"We had quite a complex mix of technologies in the stack and so, we really wanted to consolidate that stack to something that would be operational across the whole group of businesses," Heinrich said.

"Cracka was formed in the early days of e-commerce where we hadn't really got our heads around architectural designs of technical stacks. We threw a lot of stuff together to try and get to market really fast. Cracka had been formed with a bit of spaghetti infrastructure in place."

"The Wine Society, on the other hand, had moved too slowly … and was stuck with an enterprise architecture that was very cumbersome, clunky, and slow-moving."

"The integration of our Netsuite ERP with an off-the-shelf front-end -- being Shopify -- was where we saw the middle ground of being able to move quickly without losing architectural stability."

Connecting NetSuite with Shopify through Boomi has since helped TWC automate its back-end processes, which includes order management, warehousing, inventory and product data, and shipping, Heinrich said.

"Our journey has really been around developing that technical stack, which will enable us to incorporate third-party inventory into our system."

Aiming for the stars

Eventually, the wine merchant wants to build a marketplace that Heinrich dubbed would become the "Amazon of the wine world".

"We're looking forward to a marketplace build where we're probably the biggest marketplace that will give customers access to a huge range of products that they've never been able to access before," he said.

Heinrich envisions the marketplace would be a platform where independent wine producers worldwide could easily integrate and sell their wines.

"We really support the artisans of the wine world and there are literally tens of thousands globally who don't have representation in a major supermarket," he said.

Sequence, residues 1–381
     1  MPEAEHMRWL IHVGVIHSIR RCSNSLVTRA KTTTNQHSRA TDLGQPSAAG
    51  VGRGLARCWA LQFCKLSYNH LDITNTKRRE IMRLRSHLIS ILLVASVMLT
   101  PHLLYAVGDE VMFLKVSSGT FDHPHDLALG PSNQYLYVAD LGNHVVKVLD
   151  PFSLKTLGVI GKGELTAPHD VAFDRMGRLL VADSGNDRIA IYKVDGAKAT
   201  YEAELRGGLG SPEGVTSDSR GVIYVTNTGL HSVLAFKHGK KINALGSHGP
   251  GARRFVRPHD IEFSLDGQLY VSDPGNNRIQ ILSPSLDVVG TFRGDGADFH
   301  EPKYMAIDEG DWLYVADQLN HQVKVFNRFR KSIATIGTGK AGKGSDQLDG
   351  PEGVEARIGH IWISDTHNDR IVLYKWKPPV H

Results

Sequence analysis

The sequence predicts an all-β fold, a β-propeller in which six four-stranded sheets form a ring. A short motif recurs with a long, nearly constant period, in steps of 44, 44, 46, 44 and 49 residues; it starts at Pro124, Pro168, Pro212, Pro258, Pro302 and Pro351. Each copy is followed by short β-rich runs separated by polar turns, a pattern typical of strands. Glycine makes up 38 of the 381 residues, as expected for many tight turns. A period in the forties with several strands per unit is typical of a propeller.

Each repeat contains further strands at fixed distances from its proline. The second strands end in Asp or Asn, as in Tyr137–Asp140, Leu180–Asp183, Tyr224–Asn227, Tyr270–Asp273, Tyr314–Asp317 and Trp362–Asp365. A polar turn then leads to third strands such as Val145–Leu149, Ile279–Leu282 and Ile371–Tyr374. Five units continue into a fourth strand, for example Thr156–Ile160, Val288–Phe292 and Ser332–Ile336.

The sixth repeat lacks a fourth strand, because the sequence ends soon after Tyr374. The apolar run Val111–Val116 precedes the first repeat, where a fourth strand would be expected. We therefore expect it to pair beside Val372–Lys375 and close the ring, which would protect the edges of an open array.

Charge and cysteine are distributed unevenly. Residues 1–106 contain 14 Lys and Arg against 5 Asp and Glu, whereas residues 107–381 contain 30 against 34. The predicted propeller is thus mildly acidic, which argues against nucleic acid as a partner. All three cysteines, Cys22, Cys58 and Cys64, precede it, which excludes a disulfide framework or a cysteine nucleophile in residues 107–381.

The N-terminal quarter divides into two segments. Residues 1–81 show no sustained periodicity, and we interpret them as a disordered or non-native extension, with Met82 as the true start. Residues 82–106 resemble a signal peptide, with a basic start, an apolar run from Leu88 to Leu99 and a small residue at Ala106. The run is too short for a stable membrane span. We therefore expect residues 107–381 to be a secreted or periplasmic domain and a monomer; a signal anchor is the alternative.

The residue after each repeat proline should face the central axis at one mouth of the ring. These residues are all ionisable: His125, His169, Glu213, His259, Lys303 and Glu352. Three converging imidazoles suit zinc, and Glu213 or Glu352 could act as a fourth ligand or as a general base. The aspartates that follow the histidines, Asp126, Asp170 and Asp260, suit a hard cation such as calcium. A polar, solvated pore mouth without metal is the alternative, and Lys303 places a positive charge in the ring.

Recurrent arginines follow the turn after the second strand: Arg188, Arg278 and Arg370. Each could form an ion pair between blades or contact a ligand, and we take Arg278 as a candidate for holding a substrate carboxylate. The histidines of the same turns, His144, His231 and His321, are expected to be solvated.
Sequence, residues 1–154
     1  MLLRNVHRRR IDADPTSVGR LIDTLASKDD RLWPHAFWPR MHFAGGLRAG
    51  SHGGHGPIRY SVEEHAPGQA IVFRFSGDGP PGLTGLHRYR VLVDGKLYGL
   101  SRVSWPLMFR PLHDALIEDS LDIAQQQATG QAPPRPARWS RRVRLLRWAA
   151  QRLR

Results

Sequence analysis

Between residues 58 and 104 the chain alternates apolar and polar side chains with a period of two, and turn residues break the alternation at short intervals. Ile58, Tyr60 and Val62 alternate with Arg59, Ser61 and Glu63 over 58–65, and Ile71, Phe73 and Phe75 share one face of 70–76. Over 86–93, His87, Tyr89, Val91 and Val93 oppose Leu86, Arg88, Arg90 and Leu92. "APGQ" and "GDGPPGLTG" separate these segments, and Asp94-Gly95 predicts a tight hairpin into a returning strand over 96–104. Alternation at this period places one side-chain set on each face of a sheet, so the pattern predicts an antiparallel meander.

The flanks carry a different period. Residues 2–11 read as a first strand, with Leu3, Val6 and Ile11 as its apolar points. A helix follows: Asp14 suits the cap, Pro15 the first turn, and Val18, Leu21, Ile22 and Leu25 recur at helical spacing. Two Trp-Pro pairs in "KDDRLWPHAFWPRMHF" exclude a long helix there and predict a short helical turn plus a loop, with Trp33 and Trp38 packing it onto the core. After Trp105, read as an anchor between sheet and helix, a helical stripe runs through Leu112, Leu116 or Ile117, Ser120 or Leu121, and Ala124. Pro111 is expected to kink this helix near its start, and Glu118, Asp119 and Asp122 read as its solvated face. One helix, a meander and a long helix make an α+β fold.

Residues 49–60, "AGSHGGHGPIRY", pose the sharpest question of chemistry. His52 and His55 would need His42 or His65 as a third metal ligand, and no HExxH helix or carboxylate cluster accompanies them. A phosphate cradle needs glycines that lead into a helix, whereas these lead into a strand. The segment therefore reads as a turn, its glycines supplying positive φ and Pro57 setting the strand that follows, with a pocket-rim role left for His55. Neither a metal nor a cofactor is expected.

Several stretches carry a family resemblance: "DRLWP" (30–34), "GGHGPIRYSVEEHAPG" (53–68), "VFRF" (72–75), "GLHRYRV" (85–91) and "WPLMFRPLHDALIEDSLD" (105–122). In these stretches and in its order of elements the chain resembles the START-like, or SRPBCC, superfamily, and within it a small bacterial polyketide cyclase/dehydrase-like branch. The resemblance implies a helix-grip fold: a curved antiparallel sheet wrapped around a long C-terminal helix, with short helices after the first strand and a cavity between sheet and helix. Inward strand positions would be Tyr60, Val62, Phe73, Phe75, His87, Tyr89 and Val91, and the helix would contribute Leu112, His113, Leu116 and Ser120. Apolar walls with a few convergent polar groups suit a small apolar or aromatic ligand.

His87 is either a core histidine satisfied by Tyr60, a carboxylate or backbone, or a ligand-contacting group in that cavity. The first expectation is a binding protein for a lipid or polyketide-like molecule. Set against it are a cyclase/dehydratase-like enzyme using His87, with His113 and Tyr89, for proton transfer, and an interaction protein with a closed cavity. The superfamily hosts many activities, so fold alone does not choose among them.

"The modern consumer wants access to that stuff, and they will only get access to that stuff digitally because you can't have a shop with 100,000 products in it -- but you can have an online store with that product range."

He added how in the last two months -- where customer orders have tripled and inventory levels have more than doubled -- the need for a marketplace has become even more apparent. 

"We have a whole heap of partners who have lots of wine in their warehouses. Previously, they would select maybe half of the wines available and float those through to us for sale. The other half has largely been available on-premises, so restaurants and bars, but they're now all available to us online [due to COVID-19]," Heinrich said.

"We've had to move much more quickly on ramping up our capabilities on listing, sorting, and being able to take and fulfil orders. Our range and assortment have gone from 2,000 products up to 4,500 products in the last two months."

As part of next steps, the company plans to integrate its FromTheProducer website with TWC's in the next 12 months to further cement its plans to build the marketplace.